The Clemson running back position has been the strength of the offense for the past two seasons. PFF grades support what the eyes already have told us, but despite an improved offense in 2022 and a return to the familiar throne of the ACC, the running game fell a little short of what my hopes for it were going into last year. I thought that 200 yards per game could and should be the target, but the unit finished at 177.9 yards per game. While a respectable number, it ranked just 5th in the ACC. Clemson returned the bulk of its offensive line (and it stayed pretty healthy compared to 2021), the quarterback, and its impressive three deep at running back. Despite this, Clemson had a hard time consistently imposing its will with the run game on folks. All three Clemson losses featured either the running game being stymied or abandoned for some unknown reason. If Clemson is going to return to the playoffs and the realm of the CFB elite, the running game needs to find an even higher gear. There is plenty of optimism that it can and will seeing what Garrett Riley’s “Dirt Raid” system was able to do at TCU last year (3,290 yards at 193.3 per game). Factor that with the return of Clemson’s top two running backs and 4 starters on the offensive line and it is easy to get excited.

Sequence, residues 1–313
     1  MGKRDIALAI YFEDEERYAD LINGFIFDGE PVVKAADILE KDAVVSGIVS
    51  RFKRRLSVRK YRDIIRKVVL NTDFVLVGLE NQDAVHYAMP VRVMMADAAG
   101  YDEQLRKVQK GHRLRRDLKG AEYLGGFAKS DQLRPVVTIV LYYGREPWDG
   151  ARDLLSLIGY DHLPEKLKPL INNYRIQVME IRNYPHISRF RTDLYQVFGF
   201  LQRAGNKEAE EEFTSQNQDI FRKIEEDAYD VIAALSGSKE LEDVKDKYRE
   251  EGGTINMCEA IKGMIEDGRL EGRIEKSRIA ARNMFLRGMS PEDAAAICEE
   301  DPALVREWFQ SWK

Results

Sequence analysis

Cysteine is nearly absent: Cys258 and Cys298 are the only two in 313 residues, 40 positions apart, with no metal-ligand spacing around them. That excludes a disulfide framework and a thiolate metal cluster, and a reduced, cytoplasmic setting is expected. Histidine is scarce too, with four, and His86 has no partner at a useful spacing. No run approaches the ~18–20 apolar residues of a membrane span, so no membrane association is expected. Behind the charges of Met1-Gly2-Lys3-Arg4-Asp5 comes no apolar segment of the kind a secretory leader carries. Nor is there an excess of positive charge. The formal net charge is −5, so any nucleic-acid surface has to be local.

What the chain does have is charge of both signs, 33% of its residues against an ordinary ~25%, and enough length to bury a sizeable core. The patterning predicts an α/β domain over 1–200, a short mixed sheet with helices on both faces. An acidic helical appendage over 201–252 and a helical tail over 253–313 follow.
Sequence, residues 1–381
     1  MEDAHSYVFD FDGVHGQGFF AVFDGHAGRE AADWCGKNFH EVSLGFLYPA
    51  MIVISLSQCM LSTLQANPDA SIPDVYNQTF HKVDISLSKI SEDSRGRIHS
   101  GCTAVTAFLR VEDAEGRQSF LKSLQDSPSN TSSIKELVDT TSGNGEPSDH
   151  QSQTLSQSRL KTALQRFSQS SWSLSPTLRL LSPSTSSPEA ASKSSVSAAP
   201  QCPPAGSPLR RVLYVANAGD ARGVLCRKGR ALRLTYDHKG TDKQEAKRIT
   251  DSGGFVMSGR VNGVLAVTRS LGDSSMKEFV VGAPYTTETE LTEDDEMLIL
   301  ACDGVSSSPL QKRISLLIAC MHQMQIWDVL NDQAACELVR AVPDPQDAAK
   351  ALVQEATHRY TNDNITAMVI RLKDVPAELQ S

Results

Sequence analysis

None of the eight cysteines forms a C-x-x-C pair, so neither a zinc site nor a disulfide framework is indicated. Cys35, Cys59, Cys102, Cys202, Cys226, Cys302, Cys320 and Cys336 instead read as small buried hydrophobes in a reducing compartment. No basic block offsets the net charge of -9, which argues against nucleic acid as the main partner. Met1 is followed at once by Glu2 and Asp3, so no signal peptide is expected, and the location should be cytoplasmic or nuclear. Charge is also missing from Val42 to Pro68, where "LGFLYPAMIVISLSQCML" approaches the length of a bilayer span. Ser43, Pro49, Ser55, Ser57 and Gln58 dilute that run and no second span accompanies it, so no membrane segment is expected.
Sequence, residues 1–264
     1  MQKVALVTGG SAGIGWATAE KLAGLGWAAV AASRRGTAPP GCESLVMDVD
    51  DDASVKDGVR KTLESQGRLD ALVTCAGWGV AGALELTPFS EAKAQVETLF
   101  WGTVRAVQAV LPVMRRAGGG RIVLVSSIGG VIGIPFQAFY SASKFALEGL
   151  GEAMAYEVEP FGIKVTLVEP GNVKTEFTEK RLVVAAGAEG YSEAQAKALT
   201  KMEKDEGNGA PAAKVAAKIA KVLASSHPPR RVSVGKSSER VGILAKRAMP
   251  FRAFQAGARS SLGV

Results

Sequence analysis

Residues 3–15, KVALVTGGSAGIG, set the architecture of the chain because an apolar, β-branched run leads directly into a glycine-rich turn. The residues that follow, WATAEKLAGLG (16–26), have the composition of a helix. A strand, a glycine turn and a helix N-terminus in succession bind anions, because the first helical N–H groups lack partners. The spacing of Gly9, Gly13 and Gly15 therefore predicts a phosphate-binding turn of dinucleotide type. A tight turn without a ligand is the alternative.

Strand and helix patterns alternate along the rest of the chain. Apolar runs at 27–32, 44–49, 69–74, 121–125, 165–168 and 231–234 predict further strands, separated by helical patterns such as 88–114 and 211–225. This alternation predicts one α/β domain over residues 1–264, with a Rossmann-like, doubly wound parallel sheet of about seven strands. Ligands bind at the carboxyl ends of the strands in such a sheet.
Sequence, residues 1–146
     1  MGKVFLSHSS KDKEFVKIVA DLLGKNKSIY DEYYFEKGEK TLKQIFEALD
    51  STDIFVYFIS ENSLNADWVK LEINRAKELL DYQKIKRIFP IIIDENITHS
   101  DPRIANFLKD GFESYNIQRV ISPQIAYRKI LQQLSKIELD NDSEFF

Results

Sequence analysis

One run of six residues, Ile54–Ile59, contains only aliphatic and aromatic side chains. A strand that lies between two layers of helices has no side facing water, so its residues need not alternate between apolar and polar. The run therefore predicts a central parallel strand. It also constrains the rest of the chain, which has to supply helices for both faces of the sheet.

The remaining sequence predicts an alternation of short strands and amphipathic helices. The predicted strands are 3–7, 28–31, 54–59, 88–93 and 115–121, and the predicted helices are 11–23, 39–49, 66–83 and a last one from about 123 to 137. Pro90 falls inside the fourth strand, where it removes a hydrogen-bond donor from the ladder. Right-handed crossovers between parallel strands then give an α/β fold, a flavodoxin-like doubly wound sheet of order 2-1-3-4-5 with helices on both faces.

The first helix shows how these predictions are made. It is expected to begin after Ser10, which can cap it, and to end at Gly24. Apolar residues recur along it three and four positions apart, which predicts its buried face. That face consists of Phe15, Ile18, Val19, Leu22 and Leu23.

RB 1: Will Shipley (Jr); (210 carries, 1182 yards, 5.6 yards per carry, 15 TDs, 38 receptions, 242 yards, 6.4 yards per catch).
Shipley followed a solid freshman campaign with an All-ACC worthy sophomore year where he emerged as the clear starter at running back. He certainly was Clemson’s best offensive player last season, but had a frustrating final stretch of the season when Clemson’s offense allowed the Gamecocks to coerce them out of running the ball in the second half and then hoisted 54 passes against Tennessee in the Orange Bowl. Shipley is certainly sounding like he’s very hyped for what Riley’s system can do to feature his skill set in a draft-able year.
Shipley is a very hard nosed runner and plays more like a power back than you would think at his size. His best quality is his nose for the endzone when the Tigers can get down deep. Shipley has long been regarded as one of the faster players on the team and the fastest of the running backs, but he has yet to really be able to break the type of home run TD’s that Clemson fans saw from guys like CJ Spiller, Andre Ellington, and most recently Travis Etienne. If Shipley can mix in that 50-60 yard TD run in some games, his YPC should get north of 6 and his draft stock should take another step up. He’s certainly been close several times the last two years only to get tripped up and stopped just before breaking clean.
Shipley’s pass catching numbers should hopefully increase as well, but I’m more interested in his yards per catch improving vs. having a lot more receptions. Ideally he’ll be at 10 yards or more per reception vs. the 6.4 he averaged last year. For reference, Spiller was at 14 yards per catch in 2009 and Travis Etienne averaged 12.3 per catch in 2020.
Shipley is in the discussion as a player of the year candidate and will be a factor on both offense and special teams. A healthy season from #1 should be a special one.
RB2 Phil Mafah (Jr): (98 carries, 515 yards, 5.3 yards per carry, 4 TDs, 9 catches, 48 yards, 5.3 yards per catch).